In his summing-up, the author states that Douglas’ reputation is ultimately based on his role as a central leader in the union movement over the last quarter of the twentieth century, and it is on this that he should be remembered. Based on the loss of members and bargaining strength in unions at the time Grant says “many have argued that Douglas was a failure. But this is short-sighted. Many of the key factors were outside his control.” He goes on to give his own verdict. “In evolutionary terms, Douglas was the ideal man for the times – with the ability, perspicacity and thick skin needed to act as the conduit between the old-style ‘factory floor’ unionism of Skinner and Knox and the more complex requirements of his university-educated successors in a more sophisticated technology-based workplace and deregulated labour market.”
Nobody – well almost nobody – in the union movement would ever have wanted Ken Douglas to die in a ditch; but in my view the critical question is to assess how well he fought from the ditch in the interests of working people; or as he would have put it, how well he defended the class interest. In particular, how did he handle the issues that were under his control. The strategic role of unions was the basic issue played out over Douglas’ time at the head of the movement. His ambition was clear and frequently and powerfully articulated – he saw unions and particularly the central union organisation as full partners with government and employers in setting the country’s economic and social direction. Two things however are important to make the connection between ambition and achievement; firstly choices made at critical conjunctures, and secondly leadership style.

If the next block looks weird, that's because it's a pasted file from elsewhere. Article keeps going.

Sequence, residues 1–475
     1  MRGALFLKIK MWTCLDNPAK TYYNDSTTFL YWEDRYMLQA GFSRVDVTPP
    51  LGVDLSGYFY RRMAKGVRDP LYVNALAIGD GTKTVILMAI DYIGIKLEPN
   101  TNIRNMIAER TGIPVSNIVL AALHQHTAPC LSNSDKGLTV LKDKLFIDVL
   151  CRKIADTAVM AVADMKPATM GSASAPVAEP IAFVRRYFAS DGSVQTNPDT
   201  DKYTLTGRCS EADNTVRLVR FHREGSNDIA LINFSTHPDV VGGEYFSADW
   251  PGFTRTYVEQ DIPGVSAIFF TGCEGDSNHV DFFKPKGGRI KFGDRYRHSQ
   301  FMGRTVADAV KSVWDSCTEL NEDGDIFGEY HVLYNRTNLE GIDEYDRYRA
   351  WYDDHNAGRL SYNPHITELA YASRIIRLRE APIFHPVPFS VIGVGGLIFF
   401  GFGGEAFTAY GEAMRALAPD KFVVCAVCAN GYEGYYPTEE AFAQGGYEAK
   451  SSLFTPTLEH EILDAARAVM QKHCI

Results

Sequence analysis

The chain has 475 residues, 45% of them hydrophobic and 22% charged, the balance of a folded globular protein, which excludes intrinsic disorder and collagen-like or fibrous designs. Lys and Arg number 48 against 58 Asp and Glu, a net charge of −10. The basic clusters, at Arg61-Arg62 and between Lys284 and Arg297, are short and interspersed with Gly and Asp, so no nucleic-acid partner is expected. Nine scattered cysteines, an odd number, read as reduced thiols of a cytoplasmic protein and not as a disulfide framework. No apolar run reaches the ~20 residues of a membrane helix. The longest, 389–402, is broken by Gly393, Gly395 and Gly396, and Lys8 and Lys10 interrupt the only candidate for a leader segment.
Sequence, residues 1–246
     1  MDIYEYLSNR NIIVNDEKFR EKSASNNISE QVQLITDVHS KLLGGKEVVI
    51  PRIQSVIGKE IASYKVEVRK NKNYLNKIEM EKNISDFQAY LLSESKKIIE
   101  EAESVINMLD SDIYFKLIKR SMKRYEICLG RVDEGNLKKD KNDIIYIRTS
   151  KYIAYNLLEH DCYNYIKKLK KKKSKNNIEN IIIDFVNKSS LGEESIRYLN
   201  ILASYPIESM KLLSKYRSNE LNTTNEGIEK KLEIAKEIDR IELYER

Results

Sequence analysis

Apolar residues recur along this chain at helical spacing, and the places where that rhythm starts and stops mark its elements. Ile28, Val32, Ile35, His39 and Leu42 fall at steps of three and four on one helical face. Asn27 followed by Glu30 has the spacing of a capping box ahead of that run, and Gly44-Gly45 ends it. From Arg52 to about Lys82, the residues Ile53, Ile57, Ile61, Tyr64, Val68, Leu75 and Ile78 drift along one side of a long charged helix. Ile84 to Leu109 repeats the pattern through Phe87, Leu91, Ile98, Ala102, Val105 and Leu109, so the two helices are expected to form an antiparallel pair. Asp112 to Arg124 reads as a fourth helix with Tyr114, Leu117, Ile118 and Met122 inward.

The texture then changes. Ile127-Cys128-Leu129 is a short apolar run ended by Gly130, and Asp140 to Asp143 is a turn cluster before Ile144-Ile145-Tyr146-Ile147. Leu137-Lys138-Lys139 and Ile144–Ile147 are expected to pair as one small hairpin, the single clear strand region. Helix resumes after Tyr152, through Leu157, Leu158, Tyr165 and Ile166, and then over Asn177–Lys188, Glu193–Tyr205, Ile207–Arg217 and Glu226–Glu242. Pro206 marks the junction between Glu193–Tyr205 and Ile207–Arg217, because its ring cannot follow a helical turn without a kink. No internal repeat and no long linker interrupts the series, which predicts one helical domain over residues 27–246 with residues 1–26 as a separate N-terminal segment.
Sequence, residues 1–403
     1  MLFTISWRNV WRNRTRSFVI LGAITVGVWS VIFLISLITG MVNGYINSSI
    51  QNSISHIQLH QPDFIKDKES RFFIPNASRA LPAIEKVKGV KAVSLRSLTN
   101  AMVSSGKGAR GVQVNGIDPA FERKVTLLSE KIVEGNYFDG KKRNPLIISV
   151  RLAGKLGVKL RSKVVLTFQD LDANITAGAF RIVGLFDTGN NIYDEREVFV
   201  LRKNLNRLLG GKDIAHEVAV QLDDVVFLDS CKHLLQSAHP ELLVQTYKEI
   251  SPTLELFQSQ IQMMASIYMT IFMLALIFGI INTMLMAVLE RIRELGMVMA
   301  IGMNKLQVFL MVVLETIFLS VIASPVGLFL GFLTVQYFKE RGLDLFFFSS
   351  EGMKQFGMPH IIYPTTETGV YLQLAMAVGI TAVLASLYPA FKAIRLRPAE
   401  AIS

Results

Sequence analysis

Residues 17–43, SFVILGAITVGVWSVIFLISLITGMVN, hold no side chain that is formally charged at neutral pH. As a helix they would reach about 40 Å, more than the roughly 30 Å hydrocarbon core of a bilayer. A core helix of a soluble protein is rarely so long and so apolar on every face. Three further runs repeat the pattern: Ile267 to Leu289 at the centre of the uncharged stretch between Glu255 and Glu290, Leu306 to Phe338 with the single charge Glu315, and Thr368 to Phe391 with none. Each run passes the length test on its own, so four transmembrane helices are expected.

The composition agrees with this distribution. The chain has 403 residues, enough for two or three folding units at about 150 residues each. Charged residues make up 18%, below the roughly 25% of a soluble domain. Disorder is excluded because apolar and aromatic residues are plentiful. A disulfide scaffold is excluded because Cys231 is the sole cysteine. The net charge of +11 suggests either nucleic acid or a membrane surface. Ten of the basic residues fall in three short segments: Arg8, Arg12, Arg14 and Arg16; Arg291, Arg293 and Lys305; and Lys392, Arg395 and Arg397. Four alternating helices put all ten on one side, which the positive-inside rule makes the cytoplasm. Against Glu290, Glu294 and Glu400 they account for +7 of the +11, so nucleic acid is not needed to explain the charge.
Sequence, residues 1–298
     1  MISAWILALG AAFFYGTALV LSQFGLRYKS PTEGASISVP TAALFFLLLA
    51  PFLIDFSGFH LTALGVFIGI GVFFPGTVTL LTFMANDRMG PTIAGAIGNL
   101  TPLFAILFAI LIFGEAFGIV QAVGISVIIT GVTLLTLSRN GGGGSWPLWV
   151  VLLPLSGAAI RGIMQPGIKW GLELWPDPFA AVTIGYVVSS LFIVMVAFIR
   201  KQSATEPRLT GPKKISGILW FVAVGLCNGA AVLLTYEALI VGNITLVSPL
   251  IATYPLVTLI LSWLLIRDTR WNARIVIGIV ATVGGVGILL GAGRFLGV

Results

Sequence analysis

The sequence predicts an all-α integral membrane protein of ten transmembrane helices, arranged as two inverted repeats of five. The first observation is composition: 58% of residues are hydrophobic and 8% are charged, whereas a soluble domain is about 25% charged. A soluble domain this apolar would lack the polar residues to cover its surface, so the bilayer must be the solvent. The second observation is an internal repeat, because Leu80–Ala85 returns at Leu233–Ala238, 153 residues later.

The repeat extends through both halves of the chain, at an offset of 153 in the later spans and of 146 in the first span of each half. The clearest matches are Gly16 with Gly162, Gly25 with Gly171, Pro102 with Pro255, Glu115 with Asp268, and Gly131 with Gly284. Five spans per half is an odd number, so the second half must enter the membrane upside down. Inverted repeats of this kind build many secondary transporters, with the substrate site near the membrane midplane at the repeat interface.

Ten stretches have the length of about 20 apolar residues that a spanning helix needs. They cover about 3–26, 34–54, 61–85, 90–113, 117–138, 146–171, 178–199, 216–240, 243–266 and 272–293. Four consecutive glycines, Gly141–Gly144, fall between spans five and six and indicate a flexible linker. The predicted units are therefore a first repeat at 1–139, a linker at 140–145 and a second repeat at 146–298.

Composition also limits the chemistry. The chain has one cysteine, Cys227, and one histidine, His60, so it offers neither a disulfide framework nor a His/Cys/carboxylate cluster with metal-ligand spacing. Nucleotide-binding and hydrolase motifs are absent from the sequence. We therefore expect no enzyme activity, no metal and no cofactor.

It is often the early choices that are the most crucial. One such was Douglas’s decision in the mid-1980’s to remain as Secretary of the Federation of Labour under Jim’s Knox’s presidency, instead of taking up the presidency himself and bringing in Rob Campbell as Secretary. That had been Campbell’s understanding and expectation. I was the Labour Party’s Trade Union liaison officer at the time and was in Campbell’s office in the FoL building the day he was given the news. I can still remember the look on his face, part hurt, mostly anger, when he told me – he clearly felt a promise had been broken.